The authors state that they have no conflicts of interest.
How Does Body Fat Influence Bone Mass in Childhood? A Mendelian Randomization Approach†
Article first published online: 3 NOV 2008
Copyright © 2009 ASBMR
Journal of Bone and Mineral Research
Volume 24, Issue 3, pages 522–533, March 2009
How to Cite
Timpson, N. J., Sayers, A., Davey-Smith, G. and Tobias, J. H. (2009), How Does Body Fat Influence Bone Mass in Childhood? A Mendelian Randomization Approach. J Bone Miner Res, 24: 522–533. doi: 10.1359/jbmr.081109
- Issue published online: 4 DEC 2009
- Article first published online: 3 NOV 2008
- Manuscript Accepted: 28 OCT 2008
- Manuscript Revised: 8 SEP 2008
- Manuscript Received: 3 JUL 2008
- Avon Longitudinal Study of Parents and Children;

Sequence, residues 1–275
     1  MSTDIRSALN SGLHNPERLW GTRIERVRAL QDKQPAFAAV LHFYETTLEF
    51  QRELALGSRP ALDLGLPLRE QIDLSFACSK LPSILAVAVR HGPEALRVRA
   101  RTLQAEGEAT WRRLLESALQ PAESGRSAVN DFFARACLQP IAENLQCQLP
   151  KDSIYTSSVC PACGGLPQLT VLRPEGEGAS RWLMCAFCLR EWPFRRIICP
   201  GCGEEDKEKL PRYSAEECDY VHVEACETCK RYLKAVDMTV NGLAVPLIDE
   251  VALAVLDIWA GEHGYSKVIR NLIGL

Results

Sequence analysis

Fat mass may be a causal determinant of bone mass, but the evidence is conflicting, possibly reflecting the influence of confounding factors. The recent identification of common genetic variants related to obesity in children provides an opportunity to implement a Mendelian randomization study of obesity and bone outcomes, which is less subject to confounding and several biases than conventional approaches. Genotyping was retrieved for variants of two loci reliably associated with adiposity (the fat mass and obesity-related gene FTO and that upstream of the MC4R locus) within 7470 children from the Avon Longitudinal Study of Parents and Children (ALSPAC) who had undergone total body DXA scans at a mean of 9.9 yr. Relationships between both fat mass/genotypes and bone measures were assessed in efforts to determine evidence of causality between adiposity and bone mass. In conventional tests of association, both with and without height adjustment, total fat mass was strongly related to total body, spinal, and upper and lower limb BMC (ratio of geometric means [RGM]: 1.118 [95% CI: 1.112, 1.123], 1.110 [95% CI: 1.102, 1.119], 1.101 [95% CI: 1.093, 1.108], 1.146 [95% CI: 1.143, 1.155]; p < 10−10 [adjusted for sex, height, and sitting height]). Equivalent or larger effects were obtained from instrumental variable (IV) regression including the same covariates (1.139 [95% CI: 1.064, 1.220], 1.090 [95% CI: 1.010, 1.177], 1.142 [95% CI: 1.049, 1.243], 1.176 [95% CI: 1.099, 1.257]; p = 0.0002, 0.03, 0.002, and 2.3−6 respectively). Similar results were obtained after adjusting for puberty, when truncal fat mass was used in place of total fat, and when bone area was used instead of bone mass. In analyses where total body BMC adjusted for bone area (BA) was the outcome (reflecting volumetric BMD), linear regression with fat mass showed evidence for association (1.004 [95% CI: 1.002, 1.007], p = 0.0001). IV regression also showed a positive effect (1.031 [95% CI: 1.000, 1.062], p = 0.05). When MC4R and FTO markers were used as instruments for fat mass, similar associations with BMC were seen to those with fat mass as measured by DXA. This suggests that fat mass is on the causal pathway for bone mass in children. In addition, both directly assessed and IV-assessed relationships between fat mass and volumetric density showed evidence for positive effects, supporting a hypothesis that fat effects on bone mass are not entirely accounted for by association with overall bone size.